In Washington County, the sheriff's office has taken notice of the trend and warns criminals: We're after you.
By KEVIN GILES, Star Tribune
Last update: February 15, 2009 - 2:02 PM
It was a Friday morning in January when John Kummer found his wife crying on the living room floor in a sea of broken glass.
A burglar had smashed a patio door before ransacking bedrooms and stealing two rifles. He also left a trail of jewelry in the snow. She returned from church to find the mess, possibly no later than five minutes after the burglar left.
"A whole house full of glass," Kummer recalled this week at his Denmark Township restaurant, a quarter mile from his house. "Luckily my wife didn't run into him."
The Kummers' burglary experience is a typical one, said Mike Johnson, chief deputy in the Washington County Sheriff's Office. "Most people, honest citizens, don't think about this happening," he said. "Their sense of peace in their home is gone."
Washington County is taking the fight to burglars, watching for changes in how they target houses and trying to anticipate where they'll hit next.
The sheriff's office is paying special attention to organized burglary rings; in 2008, Washington County and four other police agencies caught five people accused of working together to hit houses. The ring had committed more than 40 burglaries in Washington County alone, Johnson said, apparently to pay for drug habits.
It's not that the county sees an upswing in burglary complaints -- 236 last year, compared to 258 in 2007 -- but large portions of the county remain rural, with isolated houses hidden behind banks of trees. Such places are prime targets for daytime burglaries after homeowners have gone to work, Johnson said. And most burglars, he said, now are coming from outside Washington County.
"We'd like to them to know that if they commit one here we're going to come after them," he said.
A Hastings-area man, Justin Blake Quade, 19, was charged in Ramsey County with possessing stolen property from the Kummer house after being arrested in Maplewood, the Washington County Sheriff's Office said. Information about the burglary has been forwarded to the Washington County attorney for possible charges, said investigator Mark Rindfleisch.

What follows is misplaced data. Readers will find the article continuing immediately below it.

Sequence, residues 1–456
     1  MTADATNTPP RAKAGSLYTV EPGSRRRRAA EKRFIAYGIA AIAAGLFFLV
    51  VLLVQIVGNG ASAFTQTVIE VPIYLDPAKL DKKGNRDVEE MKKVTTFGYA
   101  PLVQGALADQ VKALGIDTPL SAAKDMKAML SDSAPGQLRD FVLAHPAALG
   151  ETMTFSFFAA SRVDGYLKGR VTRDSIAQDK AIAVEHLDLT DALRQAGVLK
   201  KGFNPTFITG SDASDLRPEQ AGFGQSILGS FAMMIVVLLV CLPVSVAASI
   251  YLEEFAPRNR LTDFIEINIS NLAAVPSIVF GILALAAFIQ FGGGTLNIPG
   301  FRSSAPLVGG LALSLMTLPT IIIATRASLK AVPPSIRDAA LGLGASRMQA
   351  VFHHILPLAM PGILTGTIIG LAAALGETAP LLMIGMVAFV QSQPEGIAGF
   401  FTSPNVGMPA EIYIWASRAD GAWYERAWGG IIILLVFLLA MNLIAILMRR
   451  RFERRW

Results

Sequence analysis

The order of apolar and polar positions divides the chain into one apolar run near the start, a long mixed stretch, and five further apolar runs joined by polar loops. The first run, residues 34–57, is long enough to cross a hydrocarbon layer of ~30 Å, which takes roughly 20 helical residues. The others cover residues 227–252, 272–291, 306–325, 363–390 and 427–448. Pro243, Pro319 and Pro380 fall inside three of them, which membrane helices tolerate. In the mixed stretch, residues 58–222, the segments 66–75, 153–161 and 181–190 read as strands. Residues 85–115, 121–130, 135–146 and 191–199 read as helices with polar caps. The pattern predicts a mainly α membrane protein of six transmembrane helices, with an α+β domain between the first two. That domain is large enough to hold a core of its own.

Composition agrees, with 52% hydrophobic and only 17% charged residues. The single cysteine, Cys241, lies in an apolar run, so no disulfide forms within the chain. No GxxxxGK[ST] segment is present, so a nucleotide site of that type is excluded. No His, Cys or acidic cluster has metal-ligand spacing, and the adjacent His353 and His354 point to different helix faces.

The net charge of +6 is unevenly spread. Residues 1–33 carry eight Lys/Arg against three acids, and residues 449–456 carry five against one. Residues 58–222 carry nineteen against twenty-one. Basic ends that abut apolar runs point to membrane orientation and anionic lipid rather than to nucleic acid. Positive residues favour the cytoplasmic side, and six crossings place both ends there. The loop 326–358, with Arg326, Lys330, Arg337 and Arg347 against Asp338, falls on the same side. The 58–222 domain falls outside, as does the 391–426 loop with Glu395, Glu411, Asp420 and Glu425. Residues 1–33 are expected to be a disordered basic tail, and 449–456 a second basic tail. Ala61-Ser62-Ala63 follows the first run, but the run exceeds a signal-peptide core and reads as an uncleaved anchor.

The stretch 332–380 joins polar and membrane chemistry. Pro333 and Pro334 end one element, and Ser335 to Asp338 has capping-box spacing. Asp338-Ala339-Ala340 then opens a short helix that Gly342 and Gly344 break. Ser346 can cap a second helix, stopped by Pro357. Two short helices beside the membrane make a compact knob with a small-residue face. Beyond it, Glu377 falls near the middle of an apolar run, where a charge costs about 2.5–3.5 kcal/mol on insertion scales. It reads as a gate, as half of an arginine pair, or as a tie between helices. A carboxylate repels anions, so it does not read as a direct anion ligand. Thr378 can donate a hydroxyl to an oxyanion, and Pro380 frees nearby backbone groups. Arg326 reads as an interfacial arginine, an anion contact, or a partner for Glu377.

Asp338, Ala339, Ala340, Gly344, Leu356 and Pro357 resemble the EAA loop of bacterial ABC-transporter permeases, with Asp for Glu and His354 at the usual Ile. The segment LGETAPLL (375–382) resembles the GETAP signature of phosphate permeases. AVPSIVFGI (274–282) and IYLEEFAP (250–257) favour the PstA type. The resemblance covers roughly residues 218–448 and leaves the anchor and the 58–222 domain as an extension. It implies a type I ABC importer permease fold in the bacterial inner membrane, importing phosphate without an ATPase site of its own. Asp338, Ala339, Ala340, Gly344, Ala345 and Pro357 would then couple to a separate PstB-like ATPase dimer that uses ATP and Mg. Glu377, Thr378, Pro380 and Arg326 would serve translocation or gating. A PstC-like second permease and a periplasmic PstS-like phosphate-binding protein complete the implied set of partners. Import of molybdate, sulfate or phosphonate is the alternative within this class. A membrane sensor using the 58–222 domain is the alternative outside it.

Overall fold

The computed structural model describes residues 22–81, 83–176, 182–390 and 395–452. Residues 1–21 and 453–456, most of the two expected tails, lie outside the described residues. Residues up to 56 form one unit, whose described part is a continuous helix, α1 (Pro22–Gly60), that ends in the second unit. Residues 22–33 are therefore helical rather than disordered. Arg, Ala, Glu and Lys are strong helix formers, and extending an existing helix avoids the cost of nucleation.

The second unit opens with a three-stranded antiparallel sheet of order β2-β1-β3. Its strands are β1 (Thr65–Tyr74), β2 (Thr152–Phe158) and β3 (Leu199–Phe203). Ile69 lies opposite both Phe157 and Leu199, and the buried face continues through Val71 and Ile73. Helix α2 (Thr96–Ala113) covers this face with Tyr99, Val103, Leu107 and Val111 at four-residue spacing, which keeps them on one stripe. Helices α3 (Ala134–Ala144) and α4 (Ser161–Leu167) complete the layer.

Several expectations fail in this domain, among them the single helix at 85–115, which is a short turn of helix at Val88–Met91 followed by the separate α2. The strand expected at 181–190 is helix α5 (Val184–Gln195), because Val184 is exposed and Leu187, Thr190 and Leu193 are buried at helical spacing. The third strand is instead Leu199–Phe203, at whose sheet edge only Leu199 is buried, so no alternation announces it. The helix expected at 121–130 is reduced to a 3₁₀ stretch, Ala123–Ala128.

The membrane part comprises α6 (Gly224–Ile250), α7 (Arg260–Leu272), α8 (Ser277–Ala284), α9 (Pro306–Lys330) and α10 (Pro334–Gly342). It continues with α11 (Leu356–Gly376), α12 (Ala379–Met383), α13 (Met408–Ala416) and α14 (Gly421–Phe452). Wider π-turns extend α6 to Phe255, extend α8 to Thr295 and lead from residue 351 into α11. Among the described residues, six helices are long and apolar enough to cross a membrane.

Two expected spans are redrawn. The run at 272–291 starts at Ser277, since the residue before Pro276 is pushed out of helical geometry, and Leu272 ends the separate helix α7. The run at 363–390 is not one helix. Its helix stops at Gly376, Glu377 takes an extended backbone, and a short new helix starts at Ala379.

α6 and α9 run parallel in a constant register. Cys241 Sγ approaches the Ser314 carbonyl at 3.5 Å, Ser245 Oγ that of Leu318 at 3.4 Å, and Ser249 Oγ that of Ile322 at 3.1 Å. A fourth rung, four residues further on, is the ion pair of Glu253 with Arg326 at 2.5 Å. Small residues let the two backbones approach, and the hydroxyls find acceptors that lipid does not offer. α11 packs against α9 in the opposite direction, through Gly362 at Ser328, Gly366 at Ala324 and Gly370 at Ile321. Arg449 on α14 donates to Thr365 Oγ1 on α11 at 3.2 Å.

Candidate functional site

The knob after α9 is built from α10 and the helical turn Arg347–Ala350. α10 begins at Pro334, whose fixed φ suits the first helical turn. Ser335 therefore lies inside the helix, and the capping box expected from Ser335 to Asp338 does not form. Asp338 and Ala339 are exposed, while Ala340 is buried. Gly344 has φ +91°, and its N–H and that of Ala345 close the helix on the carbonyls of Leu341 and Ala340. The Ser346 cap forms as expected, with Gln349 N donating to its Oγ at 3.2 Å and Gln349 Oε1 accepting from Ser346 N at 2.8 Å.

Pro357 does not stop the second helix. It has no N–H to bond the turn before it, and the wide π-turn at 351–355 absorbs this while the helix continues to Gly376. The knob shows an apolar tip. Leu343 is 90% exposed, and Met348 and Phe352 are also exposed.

Kummer, who owns the nearby County Point cafe and bar on Hwy. 61 just north of Hastings, doesn't know if the burglar who hit his house knew it would be unoccupied. He said that he'd never had a theft at the house he built in 1960. The thief stole his Air Force insignia and medals. Some valuable diamond jewelry was sold right away, but the suspect later was caught with the rifles and other items, Kummer said.
"I guess it's mostly the invasion of privacy," he said. "It's kind of your castle, you know. A guy you don't know goes in and dumps everything you own on the floor."
Johnson said that burglars tend to steal cameras, computers and other electronics first. Jewelry comes second, firearms third. The latest pattern in Washington County is this: strangers knock on the doors of tree-screened houses on long driveways. If they find somebody home, they make excuses about looking for relatives, lost pets or gas stations. Burglars tend to be young adults who often steal cars for their lawbreaking antics.
A recent burglary captured on a home security video in Stillwater Township shows a thief arriving in a black car and walking casually to the door. He leaves, but soon returns and kicks in a door. A short time later he emerges carrying a small bag.
That burglary remains unsolved because the man's face is hard to identify and the car's license plate isn't visible. But he wore a bright orange or red stocking cap and jacket and seemed to know what he wanted, which raises questions about whether he knew the victims. (To see a video of the break-in, go to StarTribune.com | Videos from Minneapolis, St. Paul, the Twin Cities area and Minnesota
Law enforcement agencies have sophisticated methods of tracking stolen goods sold to pawn shops, but bolder burglars try to hawk them online through eBay and Craigslist. Homeowners should keep a record of model and serial numbers, he said, but also should know that thieves grab whatever's handy, including family heirlooms.
"We're looking at things that are very meaningful to families and victims, but have little meaning to criminals," he said.
Kevin Giles • 612-673-4432